The organizational work that a translator is compelled to perform is often overlooked and for many, it is unimaginable how many files are created during the course of a single translation. Imagine being a translator or a translation agency and receiving hundreds of requests and orders for translation a day. Naturally, this is associated with receiving a plethora of different files on a daily basis. If it were only a matter of receiving a source file and delivering a target file, that would be quite simple, but there is a lot more to it than that.
Each source file has to be meticulously analyzed, labelled according to a configuration management system and stored. Following this, those files are typically exported into translation files that are compatible with CAT programs, such as XLIFF for example. Then, the files are translated. During the translation process, a translation memory file and a term base file are made. After the translation process, the files are analyzed using QA programs to ensure quality and the log files from these programs listing possible inconsistencies and errors are generally sent to the proofreader as a support. The proofreader checks the XLIFF file and exports it into the original format. Final quality checking take place on the final files. After archiving each and every file resulting from the above process, this the proofread file is sent back to the original translator to examine what had been corrected and approve these changes or make comments. After an analysis of the comments made, an evaluation is made on the quality of the translation. The corrected file is sent back to the proofreader if there are still open questions and that version of the file is also stored for the purpose of being able to retrace the quality steps taken in order to assure top quality translations. After the proofreading process has been completed, the files are prepared for delivery to the client. If you add up all of the intermediary files that are made during this entire process, for a single source file in a single language, there are often 8-9 files that have to be saved associated with all of these work steps.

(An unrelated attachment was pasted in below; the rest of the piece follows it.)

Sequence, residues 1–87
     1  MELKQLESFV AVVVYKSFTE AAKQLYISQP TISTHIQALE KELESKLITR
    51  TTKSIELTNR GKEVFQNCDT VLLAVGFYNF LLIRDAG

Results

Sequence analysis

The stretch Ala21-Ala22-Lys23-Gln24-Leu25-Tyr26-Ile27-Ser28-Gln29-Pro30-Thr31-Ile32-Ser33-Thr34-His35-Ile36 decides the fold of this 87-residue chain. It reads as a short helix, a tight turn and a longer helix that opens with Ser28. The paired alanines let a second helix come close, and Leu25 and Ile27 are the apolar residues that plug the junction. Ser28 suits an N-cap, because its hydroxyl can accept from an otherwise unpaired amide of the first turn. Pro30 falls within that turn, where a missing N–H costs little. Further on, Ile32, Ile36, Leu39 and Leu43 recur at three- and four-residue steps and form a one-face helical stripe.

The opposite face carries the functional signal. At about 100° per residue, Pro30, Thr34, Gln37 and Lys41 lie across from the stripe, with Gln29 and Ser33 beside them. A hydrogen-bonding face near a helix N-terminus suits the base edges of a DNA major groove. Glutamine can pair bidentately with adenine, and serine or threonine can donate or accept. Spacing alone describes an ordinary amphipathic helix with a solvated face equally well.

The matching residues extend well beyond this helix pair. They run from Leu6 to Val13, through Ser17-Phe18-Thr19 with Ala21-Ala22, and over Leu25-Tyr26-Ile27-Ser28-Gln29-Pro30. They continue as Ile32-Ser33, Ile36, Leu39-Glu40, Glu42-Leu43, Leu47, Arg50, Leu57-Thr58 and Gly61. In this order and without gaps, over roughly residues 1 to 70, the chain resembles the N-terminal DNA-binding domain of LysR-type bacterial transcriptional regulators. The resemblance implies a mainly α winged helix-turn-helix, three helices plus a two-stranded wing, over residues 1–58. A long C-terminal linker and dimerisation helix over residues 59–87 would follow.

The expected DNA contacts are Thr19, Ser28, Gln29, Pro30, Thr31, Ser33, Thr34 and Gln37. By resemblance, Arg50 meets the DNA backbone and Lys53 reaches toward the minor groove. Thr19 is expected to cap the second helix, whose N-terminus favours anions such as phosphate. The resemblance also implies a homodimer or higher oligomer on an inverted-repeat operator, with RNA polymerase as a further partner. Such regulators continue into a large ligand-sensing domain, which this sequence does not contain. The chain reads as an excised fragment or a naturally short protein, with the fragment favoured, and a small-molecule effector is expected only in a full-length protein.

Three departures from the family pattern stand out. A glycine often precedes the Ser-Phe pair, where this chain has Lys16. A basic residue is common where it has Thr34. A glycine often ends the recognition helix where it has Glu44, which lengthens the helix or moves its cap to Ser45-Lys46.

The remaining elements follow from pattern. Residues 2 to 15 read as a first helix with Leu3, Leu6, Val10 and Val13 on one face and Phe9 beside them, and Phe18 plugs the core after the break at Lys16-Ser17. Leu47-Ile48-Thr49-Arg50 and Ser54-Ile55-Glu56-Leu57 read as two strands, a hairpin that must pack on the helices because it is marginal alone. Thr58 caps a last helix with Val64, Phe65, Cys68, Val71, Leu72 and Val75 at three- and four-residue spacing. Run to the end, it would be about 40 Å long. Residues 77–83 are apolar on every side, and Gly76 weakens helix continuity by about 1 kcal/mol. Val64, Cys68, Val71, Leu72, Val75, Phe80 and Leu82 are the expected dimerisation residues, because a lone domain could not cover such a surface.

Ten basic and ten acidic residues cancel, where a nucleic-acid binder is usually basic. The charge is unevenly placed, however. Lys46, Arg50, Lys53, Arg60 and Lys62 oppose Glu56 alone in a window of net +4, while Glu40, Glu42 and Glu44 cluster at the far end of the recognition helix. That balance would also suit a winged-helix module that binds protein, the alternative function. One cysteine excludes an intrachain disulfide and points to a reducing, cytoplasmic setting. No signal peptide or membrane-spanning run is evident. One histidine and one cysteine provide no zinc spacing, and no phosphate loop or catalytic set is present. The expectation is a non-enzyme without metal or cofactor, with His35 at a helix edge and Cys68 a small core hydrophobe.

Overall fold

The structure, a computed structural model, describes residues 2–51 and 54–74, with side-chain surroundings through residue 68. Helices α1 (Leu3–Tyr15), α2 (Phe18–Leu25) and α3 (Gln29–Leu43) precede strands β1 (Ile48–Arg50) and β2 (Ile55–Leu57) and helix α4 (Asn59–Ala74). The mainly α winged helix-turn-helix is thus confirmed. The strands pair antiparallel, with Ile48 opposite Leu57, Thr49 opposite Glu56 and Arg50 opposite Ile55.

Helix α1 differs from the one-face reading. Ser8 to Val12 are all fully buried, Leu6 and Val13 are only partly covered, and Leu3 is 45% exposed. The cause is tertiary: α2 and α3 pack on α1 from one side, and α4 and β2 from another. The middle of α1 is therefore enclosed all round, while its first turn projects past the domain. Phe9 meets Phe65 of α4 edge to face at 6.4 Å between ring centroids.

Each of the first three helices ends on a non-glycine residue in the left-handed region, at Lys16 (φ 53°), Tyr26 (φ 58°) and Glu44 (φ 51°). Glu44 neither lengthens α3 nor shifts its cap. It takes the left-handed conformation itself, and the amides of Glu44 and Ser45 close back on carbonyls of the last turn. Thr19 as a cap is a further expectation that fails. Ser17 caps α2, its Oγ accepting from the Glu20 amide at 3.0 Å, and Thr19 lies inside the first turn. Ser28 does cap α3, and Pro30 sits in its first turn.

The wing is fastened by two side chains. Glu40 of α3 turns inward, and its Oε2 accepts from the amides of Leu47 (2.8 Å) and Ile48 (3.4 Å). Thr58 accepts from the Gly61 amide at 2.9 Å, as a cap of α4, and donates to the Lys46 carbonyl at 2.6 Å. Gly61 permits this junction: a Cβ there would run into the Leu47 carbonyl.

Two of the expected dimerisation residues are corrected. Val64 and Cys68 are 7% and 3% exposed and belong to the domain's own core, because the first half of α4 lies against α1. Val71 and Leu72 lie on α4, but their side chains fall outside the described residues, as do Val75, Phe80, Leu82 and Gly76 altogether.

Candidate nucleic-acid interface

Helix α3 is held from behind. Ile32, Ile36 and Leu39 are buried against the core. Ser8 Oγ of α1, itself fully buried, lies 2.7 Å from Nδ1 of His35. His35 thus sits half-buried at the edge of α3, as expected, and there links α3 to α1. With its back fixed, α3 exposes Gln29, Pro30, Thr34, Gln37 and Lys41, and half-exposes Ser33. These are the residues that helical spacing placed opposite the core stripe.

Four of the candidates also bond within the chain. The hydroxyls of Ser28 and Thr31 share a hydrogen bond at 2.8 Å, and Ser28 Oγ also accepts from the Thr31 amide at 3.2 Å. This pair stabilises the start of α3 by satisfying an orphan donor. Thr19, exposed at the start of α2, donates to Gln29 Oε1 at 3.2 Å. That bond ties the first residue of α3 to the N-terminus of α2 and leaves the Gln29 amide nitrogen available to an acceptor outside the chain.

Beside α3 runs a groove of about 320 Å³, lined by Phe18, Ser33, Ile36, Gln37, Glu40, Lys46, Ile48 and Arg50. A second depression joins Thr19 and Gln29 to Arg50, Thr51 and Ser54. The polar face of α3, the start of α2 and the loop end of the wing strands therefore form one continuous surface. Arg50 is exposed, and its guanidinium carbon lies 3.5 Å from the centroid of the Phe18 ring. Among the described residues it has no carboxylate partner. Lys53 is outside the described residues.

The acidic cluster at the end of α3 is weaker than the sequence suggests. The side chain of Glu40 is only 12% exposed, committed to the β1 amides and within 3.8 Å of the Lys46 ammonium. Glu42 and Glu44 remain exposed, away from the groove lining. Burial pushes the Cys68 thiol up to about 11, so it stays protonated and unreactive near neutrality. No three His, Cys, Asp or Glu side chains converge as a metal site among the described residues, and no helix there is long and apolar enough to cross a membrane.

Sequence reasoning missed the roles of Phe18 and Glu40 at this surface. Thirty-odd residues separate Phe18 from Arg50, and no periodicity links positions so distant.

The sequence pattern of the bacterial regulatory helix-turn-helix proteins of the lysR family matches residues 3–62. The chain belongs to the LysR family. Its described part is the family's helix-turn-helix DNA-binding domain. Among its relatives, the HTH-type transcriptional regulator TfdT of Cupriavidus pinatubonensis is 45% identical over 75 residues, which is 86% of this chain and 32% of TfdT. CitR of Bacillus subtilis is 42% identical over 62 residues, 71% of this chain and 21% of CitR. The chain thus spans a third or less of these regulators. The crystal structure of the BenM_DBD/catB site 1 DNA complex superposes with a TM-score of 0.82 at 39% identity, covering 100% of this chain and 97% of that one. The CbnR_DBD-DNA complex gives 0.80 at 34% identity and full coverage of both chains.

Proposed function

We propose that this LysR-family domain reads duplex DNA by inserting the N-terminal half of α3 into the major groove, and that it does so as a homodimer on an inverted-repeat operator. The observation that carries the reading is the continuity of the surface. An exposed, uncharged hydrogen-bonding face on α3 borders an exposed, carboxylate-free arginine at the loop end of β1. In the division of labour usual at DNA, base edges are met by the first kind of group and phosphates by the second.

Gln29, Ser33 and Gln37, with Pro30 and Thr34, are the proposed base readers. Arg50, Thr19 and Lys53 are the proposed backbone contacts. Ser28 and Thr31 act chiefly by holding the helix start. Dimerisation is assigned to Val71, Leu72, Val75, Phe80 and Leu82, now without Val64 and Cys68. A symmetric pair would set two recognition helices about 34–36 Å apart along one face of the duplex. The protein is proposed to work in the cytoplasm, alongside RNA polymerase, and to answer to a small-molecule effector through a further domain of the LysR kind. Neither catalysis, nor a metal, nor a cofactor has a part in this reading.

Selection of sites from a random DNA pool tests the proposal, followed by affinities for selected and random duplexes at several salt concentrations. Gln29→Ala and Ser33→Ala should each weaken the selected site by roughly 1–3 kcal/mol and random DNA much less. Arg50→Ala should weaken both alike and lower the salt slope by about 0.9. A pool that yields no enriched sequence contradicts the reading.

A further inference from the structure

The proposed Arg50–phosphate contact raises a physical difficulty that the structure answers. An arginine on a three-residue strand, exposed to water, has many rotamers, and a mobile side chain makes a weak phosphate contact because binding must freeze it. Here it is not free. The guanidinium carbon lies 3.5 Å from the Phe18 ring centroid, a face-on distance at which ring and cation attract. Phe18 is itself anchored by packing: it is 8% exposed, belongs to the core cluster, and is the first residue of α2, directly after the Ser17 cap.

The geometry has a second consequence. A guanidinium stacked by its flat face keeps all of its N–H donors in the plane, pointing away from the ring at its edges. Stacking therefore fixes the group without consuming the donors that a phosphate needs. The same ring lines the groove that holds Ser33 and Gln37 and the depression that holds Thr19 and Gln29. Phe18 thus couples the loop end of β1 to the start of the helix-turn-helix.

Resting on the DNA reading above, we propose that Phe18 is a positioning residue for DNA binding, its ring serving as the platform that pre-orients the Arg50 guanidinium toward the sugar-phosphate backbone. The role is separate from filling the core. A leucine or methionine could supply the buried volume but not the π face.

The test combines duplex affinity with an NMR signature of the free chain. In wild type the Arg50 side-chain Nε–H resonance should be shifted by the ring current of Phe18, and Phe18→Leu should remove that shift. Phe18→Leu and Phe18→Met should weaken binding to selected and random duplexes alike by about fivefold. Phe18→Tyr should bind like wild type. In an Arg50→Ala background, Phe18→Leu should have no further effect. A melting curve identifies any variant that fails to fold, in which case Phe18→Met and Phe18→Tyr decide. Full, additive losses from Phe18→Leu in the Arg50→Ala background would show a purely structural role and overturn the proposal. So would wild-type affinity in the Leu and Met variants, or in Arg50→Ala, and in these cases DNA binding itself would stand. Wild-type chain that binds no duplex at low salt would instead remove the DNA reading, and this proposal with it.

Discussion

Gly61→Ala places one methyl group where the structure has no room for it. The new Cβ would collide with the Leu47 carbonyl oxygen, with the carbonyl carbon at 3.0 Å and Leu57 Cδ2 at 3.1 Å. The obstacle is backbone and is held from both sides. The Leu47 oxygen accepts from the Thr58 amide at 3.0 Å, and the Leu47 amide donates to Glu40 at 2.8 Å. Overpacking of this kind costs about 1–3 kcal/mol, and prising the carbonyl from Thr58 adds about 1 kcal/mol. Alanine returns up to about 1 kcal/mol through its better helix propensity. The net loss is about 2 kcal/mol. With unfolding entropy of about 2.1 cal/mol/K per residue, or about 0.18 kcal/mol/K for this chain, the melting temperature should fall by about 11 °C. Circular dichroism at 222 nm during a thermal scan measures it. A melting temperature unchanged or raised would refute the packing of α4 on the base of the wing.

Just imagine how many files you have to keep for translation projects containing several source files that have to be translated into several languages. Not only is there a lot of coordination involved between the translators and proofreaders, but there is an awful lot of project management that must take place.
A great way to organize this and facilitate the process would be to map out the entire translation process from start to finish and define the input files and output files of each process, thereby defining a configuration management strategy on how each and every file (output from each process) is named and where it should be stored. After this, a standardized file tree or file structure hierarchy should be devised and followed through, ensuring that the files are properly named and stored in order to facilitate traceability and lessen the room for error associated with having so many different files. Could you imagine how horrible it would be to send a file to a customer that has not been proofread? Even worse, could you imaging sending a file to the wrong customer? To avoid this from happening, a clear system should be devised that is virtually free of error, meaning that due to the process itself, mistakes become highly improbable. This system should be consistently followed.
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